Results

Arp2/3 complex localizes to DC podosomes

To determine their cytoskeletal architecture, normal immature DCs were fixed on fibronectin-plated coverslips and examined by confocal microscopy. In addition to abundant lamellipodia concentrated mainly at their leading edge, multiple podosomes were present on the ventral surface of polarized cells (Figure1A,D,G). These were clustered predominantly behind the leading edges and were absent from the uropod. Each actin core was surrounded by a rim of vinculin (Figure 1B), distinguishing these structures from smaller focal contacts, which were distributed more widely (not shown). In nonpolarized cells, the clusters of podosomes were also distributed diffusely over the ventral surface. Each podosome colocalized with areas of intense tyrosine phosphorylation (Figure 1E) and the Arp2/3 complex (Figure 1H), suggesting that these participate directly in their formation.

Fig. 1.

Formation of podosomes by normal immature DCs.

Normal immature DCs plated for 2 hours on fibronectin form podosomes. DCs were stained with TRITC-phalloidin (panels A, D, G) or antivinculin (panel B), antiphosphotyrosine (panel E), or anti–Arp2/3 (panel H) antibodies. Merged images are shown in panels C, F, and I. Under these conditions, the majority of normal DCs adopt a polarized morphology. An abundant f-actin pool is concentrated in punctate condensations at the cell-substratum interface situated just behind the leading edge (arrowheads in panels A, D, G). Rings of vinculin around the actin core confirm that these are podosomes (panel B and insert arrows in panel B). Both tyrosine-phosphorylated proteins (panel E) and the Arp2/3 complex (panel H) colocalize with f-actin in podosomes (panels F, I). Scale bars represent 10 μm.

Fig. 1.

Formation of podosomes by normal immature DCs.

Normal immature DCs plated for 2 hours on fibronectin form podosomes. DCs were stained with TRITC-phalloidin (panels A, D, G) or antivinculin (panel B), antiphosphotyrosine (panel E), or anti–Arp2/3 (panel H) antibodies. Merged images are shown in panels C, F, and I. Under these conditions, the majority of normal DCs adopt a polarized morphology. An abundant f-actin pool is concentrated in punctate condensations at the cell-substratum interface situated just behind the leading edge (arrowheads in panels A, D, G). Rings of vinculin around the actin core confirm that these are podosomes (panel B and insert arrows in panel B). Both tyrosine-phosphorylated proteins (panel E) and the Arp2/3 complex (panel H) colocalize with f-actin in podosomes (panels F, I). Scale bars represent 10 μm.

Recruitment of Arp2/3 to podosomes requires WASp

To investigate the role of WASp in the organization of DC cytoskeletal architecture, we derived immature DCs from WAS patients (null mutants). The surface immunophenotype and maturation state of WAS DCs did not differ from those of control cells.28 In spread WAS cells, f-actin was arranged in a cortical distribution, which gives them a ghost-like appearance (Figure2A). Within the cell body, podosomes were completely absent, and vinculin, tyrosine-phosphorylated proteins, and Arp2/3 complex were distributed diffusely (Figure 2A-I). The formation of stable broad lamellipodia was also shown to be disturbed. In WAS cells, lamellipodia were small and dysmorphic and were not polarized to leading edges (Figure 2A,D,G). Many WAS DCs also developed abnormal hyper-elongated morphologies. When observed by time-lapse videomicroscopy, normal immature DCs migrated by selection of a persisting leading edge, uropod retraction, and net cell translocation (Figure 3A). In contrast, WAS immature DCs were shown to develop from rounded cells by bipolar extension, but appeared unable to select a leading edge, retract either pole, or achieve net directional translocation (Figure 3B). As in fixed cells, lamellipodia appeared dysmorphic and were also poorly sustained. We then expressed an EGFP-WASp fusion by microinjection of normal immature DCs with a plasmid vector. Whereas DCs that expressed EGFP alone showed diffuse fluorescence (Figure 4B,D), EGFP-WASp clearly localized to podosomes (Figure 4F,H). Furthermore, expression of EGFP-WASp fusion protein in WAS immature DCs resulted in reconstitution of podosome assembly (Figure5D,F). Therefore, WASp is critical for polarized recruitment of signaling molecules, Arp2/3 complex, and actin-associated proteins to the leading edge of DCs and for effective filopodium, lamellipodium, and podosome formation.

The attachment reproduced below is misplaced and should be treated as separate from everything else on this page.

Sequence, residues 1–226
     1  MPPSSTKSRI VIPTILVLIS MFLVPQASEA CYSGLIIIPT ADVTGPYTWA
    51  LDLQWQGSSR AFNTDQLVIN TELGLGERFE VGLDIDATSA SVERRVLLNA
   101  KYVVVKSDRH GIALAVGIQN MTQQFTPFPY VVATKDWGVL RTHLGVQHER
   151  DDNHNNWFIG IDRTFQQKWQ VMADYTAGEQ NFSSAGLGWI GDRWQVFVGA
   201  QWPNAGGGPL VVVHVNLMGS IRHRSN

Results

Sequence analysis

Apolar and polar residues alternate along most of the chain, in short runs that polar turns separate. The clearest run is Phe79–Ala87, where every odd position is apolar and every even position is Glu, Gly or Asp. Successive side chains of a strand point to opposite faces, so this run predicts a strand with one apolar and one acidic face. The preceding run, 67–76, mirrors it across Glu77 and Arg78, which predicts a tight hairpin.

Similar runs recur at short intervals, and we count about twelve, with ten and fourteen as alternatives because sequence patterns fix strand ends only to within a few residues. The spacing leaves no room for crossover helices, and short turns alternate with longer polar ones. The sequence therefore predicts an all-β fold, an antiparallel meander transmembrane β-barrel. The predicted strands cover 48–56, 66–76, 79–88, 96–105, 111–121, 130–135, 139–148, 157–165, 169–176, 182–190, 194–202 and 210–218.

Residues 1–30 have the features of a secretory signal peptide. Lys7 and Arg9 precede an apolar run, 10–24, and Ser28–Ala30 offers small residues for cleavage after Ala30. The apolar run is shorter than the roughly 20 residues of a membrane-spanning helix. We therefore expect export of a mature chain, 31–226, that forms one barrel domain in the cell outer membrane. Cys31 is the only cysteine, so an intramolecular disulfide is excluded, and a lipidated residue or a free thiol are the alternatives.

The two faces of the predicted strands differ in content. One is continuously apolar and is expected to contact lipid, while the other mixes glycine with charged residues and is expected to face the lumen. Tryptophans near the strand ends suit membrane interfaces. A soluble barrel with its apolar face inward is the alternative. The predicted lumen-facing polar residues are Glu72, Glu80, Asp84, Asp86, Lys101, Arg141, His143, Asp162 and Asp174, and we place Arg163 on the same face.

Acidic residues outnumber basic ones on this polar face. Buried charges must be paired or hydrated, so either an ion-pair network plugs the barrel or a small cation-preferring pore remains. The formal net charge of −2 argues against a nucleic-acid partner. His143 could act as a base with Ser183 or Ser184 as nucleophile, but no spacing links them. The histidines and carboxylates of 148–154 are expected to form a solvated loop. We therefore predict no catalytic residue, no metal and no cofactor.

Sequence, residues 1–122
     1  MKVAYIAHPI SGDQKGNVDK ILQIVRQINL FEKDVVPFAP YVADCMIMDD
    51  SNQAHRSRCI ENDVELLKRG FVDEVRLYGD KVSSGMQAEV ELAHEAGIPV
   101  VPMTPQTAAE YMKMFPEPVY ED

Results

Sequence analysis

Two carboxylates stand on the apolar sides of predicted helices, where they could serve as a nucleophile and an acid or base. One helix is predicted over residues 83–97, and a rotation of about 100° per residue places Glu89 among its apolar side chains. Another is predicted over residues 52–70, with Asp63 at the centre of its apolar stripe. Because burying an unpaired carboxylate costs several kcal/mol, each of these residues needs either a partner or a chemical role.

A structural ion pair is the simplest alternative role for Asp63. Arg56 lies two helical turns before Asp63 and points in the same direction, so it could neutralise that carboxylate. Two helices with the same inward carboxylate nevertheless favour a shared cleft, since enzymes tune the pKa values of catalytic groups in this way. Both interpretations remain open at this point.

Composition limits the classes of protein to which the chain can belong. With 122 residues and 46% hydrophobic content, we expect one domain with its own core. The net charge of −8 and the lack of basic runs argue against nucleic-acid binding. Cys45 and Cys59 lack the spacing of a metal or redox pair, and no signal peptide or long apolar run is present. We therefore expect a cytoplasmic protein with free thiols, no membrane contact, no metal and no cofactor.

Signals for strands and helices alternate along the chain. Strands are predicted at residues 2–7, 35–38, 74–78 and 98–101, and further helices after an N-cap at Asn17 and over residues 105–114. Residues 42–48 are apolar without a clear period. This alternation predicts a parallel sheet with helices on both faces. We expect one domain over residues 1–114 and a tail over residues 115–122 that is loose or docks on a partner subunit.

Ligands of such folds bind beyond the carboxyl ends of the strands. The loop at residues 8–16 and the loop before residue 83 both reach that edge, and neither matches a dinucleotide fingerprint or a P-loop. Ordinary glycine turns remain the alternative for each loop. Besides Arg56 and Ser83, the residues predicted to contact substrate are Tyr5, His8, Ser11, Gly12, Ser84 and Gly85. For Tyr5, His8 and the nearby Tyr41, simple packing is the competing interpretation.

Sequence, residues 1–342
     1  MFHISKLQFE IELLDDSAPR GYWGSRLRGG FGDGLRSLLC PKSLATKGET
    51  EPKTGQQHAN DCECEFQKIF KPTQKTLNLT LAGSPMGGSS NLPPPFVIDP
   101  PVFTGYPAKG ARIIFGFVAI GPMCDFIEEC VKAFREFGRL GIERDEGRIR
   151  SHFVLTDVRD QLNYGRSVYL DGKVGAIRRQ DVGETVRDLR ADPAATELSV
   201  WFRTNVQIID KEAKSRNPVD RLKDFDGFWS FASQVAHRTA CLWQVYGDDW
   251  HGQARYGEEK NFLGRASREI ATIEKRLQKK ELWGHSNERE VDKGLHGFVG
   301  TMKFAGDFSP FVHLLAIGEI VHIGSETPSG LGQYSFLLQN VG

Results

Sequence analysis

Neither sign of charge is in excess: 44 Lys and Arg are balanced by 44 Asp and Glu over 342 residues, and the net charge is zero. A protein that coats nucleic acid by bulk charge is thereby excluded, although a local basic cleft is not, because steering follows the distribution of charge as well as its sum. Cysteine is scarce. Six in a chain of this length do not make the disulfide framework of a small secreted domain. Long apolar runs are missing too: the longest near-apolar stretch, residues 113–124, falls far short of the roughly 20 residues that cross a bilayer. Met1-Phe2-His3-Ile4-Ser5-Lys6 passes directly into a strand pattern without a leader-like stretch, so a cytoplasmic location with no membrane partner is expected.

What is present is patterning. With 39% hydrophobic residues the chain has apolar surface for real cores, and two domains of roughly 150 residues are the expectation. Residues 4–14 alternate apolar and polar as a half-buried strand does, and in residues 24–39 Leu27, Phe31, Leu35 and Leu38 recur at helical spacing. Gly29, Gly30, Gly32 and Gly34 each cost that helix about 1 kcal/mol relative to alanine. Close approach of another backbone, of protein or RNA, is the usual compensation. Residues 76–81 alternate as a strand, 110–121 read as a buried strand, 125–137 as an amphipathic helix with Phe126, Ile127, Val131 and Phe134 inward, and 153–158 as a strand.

Fig. 2.

Cytoskeleton of WASp-null immature DCs.

WASp-null immature DCs plated for 2 hours on fibronectin lack podosomes and form abnormal lamellipodia. DCs were stained with TRITC-phalloidin (panels A, D, G) or antivinculin (panel B), antiphosphotyrosine (panel E), or anti–Arp2/3 (panel H) antibodies. Merged images are shown in panels C, F, and I. WASp-null DCs are characterized by diffuse f-actin distribution (panels A, D, G,) with predominantly cortical actin staining (arrowhead in panel A). Podosomes are universally absent. Many cells exhibit a hyper-elongated morphology and form abnormal lamellipodia randomly over the cell surface (arrows in panels A, D, G and insert in panel D). Similarly, a diffuse pattern of staining was seen for vinculin (panel B), phosphotyrosine (panel E), and the Arp2/3 complex (panel H). Scale bars represent 10 μm.